While every data center operator is eager to optimize space, efficiency, and operating resources, none are willing to sacrifice safety to make these improvements. Although most operators still choose lead acid batteries in data center applications today, interest in (and adoption of) lithium ion in the data center and other critical facilities appears to be building momentum.
The main driver of interest is the extended service life lithium-ion batteries deliver. With a service life of 10 to 15 years in critical facility applications, using lithium-ion batteries can mean eliminating anywhere from two to four replacements that would be required with lead acid batteries over the same period. Fewer replacements means lower total cost of ownership as well as the benefit of fewer technicians going into and out of security-conscious data centers.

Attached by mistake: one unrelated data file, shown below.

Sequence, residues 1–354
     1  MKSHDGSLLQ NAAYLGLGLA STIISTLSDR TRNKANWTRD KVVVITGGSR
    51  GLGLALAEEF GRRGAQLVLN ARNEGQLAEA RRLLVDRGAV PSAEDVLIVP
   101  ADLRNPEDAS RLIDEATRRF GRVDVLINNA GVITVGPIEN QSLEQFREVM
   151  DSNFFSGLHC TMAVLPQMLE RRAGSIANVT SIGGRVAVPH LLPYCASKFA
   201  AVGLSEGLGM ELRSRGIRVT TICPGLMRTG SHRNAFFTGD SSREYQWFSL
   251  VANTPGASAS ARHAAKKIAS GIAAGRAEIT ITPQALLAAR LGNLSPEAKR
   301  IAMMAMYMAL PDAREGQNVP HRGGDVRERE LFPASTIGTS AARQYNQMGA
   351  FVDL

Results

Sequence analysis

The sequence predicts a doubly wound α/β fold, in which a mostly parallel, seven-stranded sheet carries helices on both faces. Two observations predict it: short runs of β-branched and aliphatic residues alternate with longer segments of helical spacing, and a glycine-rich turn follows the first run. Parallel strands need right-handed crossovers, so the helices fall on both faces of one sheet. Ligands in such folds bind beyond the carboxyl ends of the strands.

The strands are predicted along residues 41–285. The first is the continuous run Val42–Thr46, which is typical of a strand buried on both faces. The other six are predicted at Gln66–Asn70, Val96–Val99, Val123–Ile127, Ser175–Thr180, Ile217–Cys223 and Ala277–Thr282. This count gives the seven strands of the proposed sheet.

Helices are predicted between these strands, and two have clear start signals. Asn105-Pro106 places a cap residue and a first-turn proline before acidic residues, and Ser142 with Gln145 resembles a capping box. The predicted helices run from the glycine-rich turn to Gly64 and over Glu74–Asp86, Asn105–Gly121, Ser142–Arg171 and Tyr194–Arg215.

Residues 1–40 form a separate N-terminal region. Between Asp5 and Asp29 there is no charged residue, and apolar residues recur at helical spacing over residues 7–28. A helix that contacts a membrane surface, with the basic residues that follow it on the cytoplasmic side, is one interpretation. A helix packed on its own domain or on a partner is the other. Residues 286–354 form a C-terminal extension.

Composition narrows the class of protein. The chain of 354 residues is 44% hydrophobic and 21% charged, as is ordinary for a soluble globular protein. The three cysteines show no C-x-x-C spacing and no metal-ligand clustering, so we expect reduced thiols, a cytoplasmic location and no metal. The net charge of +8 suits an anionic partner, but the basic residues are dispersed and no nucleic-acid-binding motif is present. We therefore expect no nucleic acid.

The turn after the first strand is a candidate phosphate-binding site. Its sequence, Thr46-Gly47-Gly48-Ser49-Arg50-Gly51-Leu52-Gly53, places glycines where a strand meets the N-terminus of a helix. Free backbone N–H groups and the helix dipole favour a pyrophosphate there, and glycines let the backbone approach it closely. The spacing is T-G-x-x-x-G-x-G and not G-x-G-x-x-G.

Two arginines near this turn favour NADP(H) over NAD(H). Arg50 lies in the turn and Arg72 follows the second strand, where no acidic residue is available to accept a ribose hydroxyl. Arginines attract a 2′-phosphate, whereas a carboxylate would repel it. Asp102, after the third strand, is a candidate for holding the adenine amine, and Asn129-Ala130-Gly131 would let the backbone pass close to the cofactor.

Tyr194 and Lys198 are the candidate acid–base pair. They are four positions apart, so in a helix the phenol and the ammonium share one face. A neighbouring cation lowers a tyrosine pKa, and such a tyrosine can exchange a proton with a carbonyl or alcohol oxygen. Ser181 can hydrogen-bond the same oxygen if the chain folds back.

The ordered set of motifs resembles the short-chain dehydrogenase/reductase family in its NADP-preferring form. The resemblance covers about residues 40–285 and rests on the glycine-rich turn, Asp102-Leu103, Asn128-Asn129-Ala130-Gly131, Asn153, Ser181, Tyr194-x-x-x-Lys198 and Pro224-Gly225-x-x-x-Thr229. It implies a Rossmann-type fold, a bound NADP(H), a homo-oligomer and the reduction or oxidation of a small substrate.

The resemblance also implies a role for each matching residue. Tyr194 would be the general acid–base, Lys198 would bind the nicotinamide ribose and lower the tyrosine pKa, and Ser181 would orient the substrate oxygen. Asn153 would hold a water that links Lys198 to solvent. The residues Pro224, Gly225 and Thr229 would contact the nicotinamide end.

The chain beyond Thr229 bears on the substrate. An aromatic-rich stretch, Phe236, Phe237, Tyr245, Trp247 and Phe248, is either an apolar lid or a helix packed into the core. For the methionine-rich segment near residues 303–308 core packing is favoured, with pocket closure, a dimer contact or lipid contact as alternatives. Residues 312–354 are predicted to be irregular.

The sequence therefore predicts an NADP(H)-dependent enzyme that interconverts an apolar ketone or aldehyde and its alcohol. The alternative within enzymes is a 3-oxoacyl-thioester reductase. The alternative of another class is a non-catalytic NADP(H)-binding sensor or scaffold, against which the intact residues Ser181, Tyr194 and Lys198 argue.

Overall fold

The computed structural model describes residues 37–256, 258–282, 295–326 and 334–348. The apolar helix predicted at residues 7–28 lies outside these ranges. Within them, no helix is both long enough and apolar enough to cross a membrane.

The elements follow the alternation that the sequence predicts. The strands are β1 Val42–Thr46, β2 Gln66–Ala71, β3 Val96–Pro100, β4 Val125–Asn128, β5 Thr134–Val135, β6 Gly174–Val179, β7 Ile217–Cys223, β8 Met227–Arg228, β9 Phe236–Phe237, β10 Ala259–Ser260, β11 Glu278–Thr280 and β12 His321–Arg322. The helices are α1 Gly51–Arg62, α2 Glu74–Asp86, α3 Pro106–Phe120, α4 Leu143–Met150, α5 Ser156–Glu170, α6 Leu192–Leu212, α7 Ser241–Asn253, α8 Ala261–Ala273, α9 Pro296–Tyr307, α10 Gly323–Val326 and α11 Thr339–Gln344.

The business case is further enhanced by the environmental and physical characteristics of some lithium-ion alternatives. Lithium-ion batteries can safely operate at temperatures 7°F to 9°F higher than lead acid batteries, significantly reducing the demand for dedicated cooling in battery rooms. Plus, they have density and weight advantages that are important in some applications.
Although difficult to quantify at this stage of their development, lithium-ion batteries might also contribute to enhanced data center reliability. Batteries are the acknowledged weak link in the critical power system —one of the main reasons of which is the tendency for lead acid battery performance to decline sharply in a short period of time. Lithium-ion batteries generally degrade more gradually and predictably.